Become a Member

Get access to more than 30 brands, premium video, exclusive content, events, mapping, and more.

Already have an account? Sign In

Become a Member

Get access to more than 30 brands, premium video, exclusive content, events, mapping, and more.

Already have an account? Sign In

Brands

Content

Member Trail Report: Lincoln Lake, AR

Lincoln Lake, Lincoln Lake City Park, AR

Lock Icon

Join O+ to unlock this story.

Already have an Outside Account? Sign in

Outside+ Logo

All-Access
Intro Offer
$3.99 / month*

  • World-class journalism from publications like Outside, Ski, Trail Runner, Climbing, and Backpacker.
  • Annual print subscription to Outside Magazine + 2 Gear Guides.
  • Outside Watch – Award-winning adventure films, documentaries, and series.
  • Gaia GPS – Premium backcountry navigation app.
  • Trailforks – Discover trails around the globe.
  • Outside Learn – Expert-led online classes on climbing, cooking, skiing, fitness, and beyond.
Join Outside+
Backpacker

Digital + Print
Intro Offer
$2.99 / month*

  • Annual subscription to Backpacker magazine
  • Access to all member-exclusive content and gear reviews on Backpacker.com
  • Ad-free access to Backpacker.com
Join Backpacker


*Outside memberships are billed annually. Print subscriptions available to U.S. residents only. You may cancel your membership at anytime, but no refunds will be issued for payments already made. Upon cancellation, you will have access to your membership through the end of your paid year. More Details

Trail: Lincoln Lake, Lincoln Lake City Park, AR

Distance: 4 miles

Submission: DeWayne Reeves

Difficulty: Moderate

Duration: 1 day

Rating: 4/5 stars

None
Lincoln Lake, photo by DeWayne Reeves

This is a great 4-mile loop around a lake, with several overlooks and interesting rock formations often frequented by climbers. The trail is rocky but has minimum elevation change. Several viewpoints above the lake provide the perfect spot for a hammock, perched 70 feet above the water; eagles are occasionally spotted around the cliffs. Between the viewpoints the trail wanders through pine and oak trees that seem to touch the sun, bright green foliage, and colorful wildflowers. Between the trees are the cliffs, carved by wind and water into overhangs and curling tunnels that even non-climbers can explore.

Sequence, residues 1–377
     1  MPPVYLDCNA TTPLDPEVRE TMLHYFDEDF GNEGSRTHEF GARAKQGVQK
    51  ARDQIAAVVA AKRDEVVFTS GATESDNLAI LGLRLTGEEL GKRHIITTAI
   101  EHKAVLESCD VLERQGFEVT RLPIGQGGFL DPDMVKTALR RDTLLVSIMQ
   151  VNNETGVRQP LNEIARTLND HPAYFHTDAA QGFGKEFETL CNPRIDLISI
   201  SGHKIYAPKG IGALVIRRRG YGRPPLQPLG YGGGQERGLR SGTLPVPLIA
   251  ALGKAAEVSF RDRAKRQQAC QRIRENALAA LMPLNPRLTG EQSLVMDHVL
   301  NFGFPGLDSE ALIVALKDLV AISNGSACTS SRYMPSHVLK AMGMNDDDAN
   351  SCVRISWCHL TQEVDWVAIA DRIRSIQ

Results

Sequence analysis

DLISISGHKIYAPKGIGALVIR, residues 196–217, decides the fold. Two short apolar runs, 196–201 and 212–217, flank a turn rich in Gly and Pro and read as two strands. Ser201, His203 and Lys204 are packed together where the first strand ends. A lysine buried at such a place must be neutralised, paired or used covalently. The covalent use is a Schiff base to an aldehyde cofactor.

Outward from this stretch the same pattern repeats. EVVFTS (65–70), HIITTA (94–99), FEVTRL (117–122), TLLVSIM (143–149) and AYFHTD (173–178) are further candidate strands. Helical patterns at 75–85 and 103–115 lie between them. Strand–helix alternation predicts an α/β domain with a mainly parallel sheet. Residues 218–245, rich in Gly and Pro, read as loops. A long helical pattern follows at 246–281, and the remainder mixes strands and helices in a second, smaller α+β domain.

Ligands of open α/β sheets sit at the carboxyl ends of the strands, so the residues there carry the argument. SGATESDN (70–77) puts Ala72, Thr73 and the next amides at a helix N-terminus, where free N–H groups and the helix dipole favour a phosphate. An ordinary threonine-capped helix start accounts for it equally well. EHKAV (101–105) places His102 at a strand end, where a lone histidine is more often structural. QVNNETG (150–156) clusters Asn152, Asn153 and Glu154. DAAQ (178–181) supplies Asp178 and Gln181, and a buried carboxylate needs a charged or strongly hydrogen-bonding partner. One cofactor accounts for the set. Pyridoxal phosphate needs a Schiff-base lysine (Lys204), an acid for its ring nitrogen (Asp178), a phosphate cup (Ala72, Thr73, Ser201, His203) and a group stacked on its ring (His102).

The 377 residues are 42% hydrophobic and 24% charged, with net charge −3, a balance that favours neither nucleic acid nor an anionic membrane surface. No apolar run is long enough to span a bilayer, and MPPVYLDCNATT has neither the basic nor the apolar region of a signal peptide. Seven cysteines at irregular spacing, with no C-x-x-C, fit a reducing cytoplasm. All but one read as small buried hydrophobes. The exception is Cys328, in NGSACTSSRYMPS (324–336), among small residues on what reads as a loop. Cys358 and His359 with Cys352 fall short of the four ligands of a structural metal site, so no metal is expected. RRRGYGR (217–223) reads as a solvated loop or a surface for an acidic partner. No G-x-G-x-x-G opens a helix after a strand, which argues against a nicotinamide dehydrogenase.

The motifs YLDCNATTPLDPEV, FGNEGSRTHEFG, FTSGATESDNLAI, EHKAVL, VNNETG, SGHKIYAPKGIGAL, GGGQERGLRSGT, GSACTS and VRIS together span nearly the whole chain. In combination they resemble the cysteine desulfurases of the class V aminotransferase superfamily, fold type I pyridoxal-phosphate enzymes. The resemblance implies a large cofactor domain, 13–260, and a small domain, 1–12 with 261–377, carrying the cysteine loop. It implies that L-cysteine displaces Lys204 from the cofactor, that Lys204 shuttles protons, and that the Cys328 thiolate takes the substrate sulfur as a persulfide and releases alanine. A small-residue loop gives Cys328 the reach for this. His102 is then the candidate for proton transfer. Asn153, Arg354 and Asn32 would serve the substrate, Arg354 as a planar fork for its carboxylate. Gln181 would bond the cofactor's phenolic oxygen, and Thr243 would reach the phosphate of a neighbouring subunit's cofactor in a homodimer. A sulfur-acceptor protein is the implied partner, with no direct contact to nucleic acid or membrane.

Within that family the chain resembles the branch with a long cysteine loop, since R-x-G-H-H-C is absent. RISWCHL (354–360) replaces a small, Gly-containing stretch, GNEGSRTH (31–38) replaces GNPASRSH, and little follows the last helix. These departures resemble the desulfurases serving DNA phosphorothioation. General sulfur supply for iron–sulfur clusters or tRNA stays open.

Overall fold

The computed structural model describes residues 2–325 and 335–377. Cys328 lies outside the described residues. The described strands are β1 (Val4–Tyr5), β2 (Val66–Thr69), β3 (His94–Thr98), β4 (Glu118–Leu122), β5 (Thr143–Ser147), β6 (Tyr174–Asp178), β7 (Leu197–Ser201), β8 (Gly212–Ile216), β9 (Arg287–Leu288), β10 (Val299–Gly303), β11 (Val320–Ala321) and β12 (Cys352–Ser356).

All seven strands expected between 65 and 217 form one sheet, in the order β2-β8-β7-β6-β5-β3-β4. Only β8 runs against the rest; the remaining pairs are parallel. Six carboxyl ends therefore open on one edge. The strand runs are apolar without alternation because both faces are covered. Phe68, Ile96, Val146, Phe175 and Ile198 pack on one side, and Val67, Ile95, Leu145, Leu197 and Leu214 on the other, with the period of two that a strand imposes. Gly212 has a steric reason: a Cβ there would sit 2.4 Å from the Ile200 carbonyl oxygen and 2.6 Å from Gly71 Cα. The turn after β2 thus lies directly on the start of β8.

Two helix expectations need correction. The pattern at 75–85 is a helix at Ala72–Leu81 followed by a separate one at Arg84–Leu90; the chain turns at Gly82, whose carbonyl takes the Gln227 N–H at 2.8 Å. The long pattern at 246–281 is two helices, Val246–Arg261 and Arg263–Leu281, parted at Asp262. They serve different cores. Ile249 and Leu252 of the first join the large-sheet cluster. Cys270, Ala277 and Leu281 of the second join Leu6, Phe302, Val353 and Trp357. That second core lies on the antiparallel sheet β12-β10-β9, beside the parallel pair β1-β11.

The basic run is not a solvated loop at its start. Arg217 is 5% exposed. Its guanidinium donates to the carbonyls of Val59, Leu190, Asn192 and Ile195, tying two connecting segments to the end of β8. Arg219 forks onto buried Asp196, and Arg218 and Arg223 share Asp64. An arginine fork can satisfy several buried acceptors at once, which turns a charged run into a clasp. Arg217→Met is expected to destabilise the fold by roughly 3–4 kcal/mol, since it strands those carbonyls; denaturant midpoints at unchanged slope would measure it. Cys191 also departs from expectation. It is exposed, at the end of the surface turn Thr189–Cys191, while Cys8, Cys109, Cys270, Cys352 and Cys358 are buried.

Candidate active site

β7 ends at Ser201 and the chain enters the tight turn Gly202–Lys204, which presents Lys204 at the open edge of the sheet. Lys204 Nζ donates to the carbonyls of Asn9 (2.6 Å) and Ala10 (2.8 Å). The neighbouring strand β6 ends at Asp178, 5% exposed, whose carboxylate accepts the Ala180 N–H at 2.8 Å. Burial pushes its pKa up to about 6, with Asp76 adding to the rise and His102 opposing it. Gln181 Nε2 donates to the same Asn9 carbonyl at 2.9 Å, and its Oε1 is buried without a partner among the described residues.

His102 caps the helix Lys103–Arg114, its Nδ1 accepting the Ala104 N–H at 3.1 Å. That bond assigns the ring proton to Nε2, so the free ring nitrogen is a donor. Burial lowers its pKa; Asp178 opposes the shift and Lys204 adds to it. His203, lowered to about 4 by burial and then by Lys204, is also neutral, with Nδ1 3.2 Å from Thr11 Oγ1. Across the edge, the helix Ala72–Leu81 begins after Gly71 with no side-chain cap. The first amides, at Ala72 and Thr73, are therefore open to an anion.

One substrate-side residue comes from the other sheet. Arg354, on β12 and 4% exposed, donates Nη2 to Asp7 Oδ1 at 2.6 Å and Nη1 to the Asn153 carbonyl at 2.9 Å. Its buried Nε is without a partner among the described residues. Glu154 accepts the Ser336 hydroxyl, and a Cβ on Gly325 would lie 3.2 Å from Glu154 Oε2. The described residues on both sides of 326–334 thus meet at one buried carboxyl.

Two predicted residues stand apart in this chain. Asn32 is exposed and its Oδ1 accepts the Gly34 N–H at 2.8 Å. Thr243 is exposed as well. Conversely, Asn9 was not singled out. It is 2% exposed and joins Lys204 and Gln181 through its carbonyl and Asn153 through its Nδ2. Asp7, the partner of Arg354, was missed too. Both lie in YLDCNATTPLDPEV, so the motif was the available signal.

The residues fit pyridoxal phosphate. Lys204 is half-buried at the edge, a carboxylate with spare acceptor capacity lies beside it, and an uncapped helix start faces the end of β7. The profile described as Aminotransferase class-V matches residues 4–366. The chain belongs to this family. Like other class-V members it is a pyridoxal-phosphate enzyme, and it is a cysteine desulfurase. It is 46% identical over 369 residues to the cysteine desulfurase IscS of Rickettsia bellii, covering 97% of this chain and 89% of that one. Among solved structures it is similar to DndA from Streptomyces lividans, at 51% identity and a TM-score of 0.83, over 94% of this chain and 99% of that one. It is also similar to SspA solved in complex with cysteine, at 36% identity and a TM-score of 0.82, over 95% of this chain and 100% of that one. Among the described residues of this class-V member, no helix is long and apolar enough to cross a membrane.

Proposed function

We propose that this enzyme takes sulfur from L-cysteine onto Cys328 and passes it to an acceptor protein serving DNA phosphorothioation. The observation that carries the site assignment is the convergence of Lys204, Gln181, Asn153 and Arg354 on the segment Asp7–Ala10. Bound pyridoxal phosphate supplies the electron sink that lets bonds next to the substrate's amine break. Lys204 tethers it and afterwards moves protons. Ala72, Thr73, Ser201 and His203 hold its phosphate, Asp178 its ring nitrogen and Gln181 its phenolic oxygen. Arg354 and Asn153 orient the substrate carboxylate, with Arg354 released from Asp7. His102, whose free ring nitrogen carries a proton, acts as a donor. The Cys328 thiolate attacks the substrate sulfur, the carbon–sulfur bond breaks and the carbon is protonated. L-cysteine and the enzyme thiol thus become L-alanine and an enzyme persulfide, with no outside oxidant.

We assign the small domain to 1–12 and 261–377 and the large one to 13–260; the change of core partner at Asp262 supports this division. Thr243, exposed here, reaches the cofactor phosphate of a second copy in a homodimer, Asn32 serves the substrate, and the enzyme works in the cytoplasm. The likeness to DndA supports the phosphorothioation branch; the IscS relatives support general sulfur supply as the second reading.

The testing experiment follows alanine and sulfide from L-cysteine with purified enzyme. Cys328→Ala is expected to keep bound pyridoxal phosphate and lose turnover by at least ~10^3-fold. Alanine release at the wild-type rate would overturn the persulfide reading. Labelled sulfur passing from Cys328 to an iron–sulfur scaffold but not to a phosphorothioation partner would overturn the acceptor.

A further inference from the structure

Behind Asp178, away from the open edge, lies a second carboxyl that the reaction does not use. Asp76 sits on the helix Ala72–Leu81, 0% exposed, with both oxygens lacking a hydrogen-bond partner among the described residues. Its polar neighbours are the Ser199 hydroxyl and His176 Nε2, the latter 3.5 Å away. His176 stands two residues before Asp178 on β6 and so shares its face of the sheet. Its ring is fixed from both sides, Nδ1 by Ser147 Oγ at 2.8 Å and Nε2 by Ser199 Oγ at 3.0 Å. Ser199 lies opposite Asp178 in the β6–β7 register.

At mile 2 there is an occasionally challenging water crossing. At low water you can stay dry by hopping across a series of rocks, but at higher flows you’ll have to wade. The water never goes higher than mid-calf, but a trekking pole is still helpful. Just before mile 3 you come to the dam creating the lake. The hike crosses the dam to the opposite bank, usually with a blast of wind as you exit the trees. When you stand in the middle of the dam and just look out over the lake you can just how far you’ve hiked, and the cliffs that you hiked past dropping straight into the lake. Once across the dam, you enter the forest again with one mile to go. There are plenty of spur trails along this section to explore, heading down to the shore and into copses of trees perfect for hammocking. 

None
Rock formations at Lincoln Lake, photo by DeWayne Reeves